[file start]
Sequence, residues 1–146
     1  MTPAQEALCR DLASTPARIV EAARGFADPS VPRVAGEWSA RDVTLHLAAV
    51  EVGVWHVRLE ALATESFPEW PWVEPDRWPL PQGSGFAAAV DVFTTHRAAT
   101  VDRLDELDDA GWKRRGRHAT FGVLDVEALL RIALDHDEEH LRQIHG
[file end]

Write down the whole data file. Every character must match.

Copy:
Sequence, residues 1–146
     1  MTPAQEALCR DLASTPARIV EAARGFADPS VPRVAGEWSA RDVTLHLAAV
    51  EVGVWHVRLE ALATESFPEW PWVEPDRWPL PQGSGFAAAV DVFTTHRAAT
   101  VDRLDELDDA GWKRRGRHAT FGVLDVEALL RIALDHDEEH LRQIHG